While China was previously a priority market for Australia, the Australian economy has managed to find other export markets. In fact, Australia continues to prioritise market diversification as a means of avoiding an over-reliance on single markets, even those as large as China. Nevertheless, producers such as the wine and lobster industries have been detrimentally affected by the embargo.

This highlights a counternarrative to the one often presented in the media: China has also suffered as a result of the trade sanctions. This has seen China experience energy shortages which have further affected its productivity and led to the rationing of electricity to reduce power consumption. The energy crisis became so serious that the Chinese government shifted its political messaging to proclaim energy security as a more pressing need than the transition to renewable energy.

Economic downturn also poses notable risks for the ruling party. A major source of the Chinese government’s political legitimacy stems from its credentials as economic managers. The government regularly emphasises the state’s role in steering the direction of the economy and lifting hundreds of millions of Chinese citizens out of poverty as justification for the Chinese Communist Party's right to govern. Economic decline can only put this justification—and the Party's right to rule—into question.

Attempting to wean the state off Australian coal emphasised the importance of a stable Australia-China economic relationship. Even when the energy crisis abated, China’s concerns lingered. Mongolia was considered a suitable long-term alternative market to import high-grade coal. However, in January, Mongolia reneged on an existing underground deal it had with China following citizen outrage over corrupt practices. As a result, Mongolia no longer sells directly to China and instead does so through auctions, which raise prices further. This renders it a less desirable commodity and creates the risk of another coal supply gap forming.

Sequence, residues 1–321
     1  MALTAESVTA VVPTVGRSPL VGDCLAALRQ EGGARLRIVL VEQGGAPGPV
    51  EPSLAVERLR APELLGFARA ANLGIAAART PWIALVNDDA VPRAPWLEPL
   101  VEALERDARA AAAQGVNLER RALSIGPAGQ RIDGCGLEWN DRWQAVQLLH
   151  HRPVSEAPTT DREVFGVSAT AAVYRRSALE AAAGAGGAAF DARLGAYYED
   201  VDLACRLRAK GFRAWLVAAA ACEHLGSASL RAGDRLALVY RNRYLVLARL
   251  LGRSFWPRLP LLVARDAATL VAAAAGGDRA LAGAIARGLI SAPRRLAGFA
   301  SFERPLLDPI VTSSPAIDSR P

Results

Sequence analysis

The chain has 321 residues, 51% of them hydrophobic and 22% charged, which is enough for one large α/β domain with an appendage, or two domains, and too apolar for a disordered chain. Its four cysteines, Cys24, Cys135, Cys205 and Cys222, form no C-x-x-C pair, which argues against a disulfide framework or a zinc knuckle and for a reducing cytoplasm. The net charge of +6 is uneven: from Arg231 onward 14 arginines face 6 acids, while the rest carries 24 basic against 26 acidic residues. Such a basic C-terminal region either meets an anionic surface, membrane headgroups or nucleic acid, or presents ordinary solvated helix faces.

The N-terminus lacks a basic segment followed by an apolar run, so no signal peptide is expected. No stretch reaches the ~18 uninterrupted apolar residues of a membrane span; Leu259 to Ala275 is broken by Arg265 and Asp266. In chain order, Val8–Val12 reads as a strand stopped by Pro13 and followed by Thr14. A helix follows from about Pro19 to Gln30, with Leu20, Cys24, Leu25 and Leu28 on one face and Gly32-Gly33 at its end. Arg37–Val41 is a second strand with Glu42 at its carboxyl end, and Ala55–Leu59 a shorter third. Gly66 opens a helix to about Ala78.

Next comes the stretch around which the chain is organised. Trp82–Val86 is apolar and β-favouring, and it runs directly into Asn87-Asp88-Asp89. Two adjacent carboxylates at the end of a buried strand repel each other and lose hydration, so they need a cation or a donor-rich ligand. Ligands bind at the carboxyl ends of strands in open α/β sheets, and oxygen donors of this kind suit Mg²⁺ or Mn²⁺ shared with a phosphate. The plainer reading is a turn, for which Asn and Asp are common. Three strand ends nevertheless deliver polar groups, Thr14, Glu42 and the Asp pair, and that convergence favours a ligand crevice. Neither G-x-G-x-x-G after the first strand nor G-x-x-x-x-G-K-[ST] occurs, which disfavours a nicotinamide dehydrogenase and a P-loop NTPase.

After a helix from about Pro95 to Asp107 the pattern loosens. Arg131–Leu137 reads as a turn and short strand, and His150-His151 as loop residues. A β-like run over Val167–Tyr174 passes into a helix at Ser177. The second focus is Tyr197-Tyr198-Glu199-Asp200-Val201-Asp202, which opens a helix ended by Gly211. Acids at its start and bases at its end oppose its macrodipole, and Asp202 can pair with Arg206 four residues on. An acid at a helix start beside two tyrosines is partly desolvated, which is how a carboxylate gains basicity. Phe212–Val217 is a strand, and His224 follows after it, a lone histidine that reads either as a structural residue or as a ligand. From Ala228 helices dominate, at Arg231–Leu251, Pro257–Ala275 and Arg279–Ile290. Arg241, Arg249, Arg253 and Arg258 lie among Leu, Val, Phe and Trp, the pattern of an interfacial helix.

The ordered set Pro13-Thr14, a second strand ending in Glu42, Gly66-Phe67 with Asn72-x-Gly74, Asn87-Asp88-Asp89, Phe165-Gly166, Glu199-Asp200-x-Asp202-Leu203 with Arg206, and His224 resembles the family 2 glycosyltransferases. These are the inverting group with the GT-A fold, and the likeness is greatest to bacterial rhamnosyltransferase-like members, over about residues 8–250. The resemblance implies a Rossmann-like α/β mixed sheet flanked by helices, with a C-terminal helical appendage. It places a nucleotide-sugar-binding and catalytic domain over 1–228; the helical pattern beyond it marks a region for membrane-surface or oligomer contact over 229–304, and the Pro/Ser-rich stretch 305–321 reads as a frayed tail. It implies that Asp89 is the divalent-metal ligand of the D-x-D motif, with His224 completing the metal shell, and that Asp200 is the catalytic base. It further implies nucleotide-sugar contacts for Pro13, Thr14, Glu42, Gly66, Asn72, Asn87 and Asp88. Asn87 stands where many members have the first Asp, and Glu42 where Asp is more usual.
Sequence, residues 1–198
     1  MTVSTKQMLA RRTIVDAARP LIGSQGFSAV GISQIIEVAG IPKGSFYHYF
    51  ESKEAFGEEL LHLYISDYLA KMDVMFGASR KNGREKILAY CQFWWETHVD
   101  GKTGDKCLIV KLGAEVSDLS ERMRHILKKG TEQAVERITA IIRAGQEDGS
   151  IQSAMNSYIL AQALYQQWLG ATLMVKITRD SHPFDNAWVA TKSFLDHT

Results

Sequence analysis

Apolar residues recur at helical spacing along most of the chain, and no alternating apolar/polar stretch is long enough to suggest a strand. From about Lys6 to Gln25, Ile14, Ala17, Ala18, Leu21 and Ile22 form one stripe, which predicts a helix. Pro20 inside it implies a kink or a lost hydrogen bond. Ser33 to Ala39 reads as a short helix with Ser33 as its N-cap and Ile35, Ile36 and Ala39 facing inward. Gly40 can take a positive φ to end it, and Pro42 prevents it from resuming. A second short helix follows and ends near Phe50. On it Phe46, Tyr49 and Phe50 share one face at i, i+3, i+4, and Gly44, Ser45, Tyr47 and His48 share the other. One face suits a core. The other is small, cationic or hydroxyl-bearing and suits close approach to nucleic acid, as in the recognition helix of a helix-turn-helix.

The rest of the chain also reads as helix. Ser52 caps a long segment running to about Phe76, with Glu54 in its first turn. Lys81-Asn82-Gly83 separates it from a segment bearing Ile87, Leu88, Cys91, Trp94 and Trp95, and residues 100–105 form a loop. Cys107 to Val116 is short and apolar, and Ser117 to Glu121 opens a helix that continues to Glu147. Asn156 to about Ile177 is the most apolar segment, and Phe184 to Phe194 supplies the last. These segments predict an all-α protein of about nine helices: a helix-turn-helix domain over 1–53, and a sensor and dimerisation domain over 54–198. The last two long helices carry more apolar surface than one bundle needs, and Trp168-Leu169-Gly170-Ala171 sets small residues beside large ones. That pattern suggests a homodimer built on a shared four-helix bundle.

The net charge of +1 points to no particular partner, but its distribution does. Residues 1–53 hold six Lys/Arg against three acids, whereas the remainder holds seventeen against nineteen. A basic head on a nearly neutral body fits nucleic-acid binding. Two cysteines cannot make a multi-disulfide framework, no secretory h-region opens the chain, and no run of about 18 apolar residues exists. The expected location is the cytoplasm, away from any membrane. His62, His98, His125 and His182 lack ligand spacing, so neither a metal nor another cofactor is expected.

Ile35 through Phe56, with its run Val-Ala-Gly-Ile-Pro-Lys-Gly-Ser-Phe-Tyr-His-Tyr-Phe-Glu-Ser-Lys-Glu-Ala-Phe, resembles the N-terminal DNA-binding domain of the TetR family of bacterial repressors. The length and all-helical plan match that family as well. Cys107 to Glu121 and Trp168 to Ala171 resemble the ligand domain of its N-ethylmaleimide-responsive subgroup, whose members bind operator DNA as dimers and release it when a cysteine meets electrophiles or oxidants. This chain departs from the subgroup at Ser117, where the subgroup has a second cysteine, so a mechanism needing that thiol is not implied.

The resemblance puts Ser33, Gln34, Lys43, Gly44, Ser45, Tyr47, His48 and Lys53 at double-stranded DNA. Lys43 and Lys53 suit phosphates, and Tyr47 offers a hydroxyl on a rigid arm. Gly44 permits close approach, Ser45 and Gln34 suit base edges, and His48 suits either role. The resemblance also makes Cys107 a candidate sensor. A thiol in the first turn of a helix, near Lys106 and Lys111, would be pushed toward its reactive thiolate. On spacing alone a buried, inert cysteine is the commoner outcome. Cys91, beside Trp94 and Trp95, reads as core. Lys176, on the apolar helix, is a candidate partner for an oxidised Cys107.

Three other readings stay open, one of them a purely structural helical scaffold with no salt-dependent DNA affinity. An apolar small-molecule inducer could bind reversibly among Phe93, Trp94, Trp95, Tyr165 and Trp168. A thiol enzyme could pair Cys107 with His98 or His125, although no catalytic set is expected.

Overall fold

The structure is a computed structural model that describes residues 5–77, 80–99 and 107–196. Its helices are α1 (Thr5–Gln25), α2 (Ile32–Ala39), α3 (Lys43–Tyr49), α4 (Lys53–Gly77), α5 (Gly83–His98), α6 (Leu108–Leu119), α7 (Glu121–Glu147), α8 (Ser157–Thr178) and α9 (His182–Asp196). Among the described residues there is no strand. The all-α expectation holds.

The combination of economic pressures and coal supply issues has ultimately prompted Beijing to rethink the previous coldness in its trading relationship with Australia. China lifted its unofficial trade restrictions on Australian coal at the start of the year. Imports in March 2023 were up by 151% from the previous year. Almost 78% of the coal sent to China from Australia in March 2023 was thermal coal used for electricity production.

China’s decision to resume trade with Australia—particularly over coal to fortify its energy security—demonstrates that the economic relationship goes both ways. The freezing of the Australia-China trade relationship is far from ideal for Australia; yet, it has demonstrated Australia’s resilience in the face of Chinese economic coercion and the ability to counter China on key issues in the future.

Parth Sharma is the China Fellow for Young Australians in International Affairs. He is studying a Master of International Relations at the University of Melbourne and is a Melbourne Graduate Scholarship award holder from the 2022 intake. Throughout his studies, Parth has extensively examined China’s internal domestic context and foreign policy. He is currently interning at the Australia India Institute and will be heading to Jakarta at the end of the year to take part in the Australia-Indonesia Youth Exchange Program.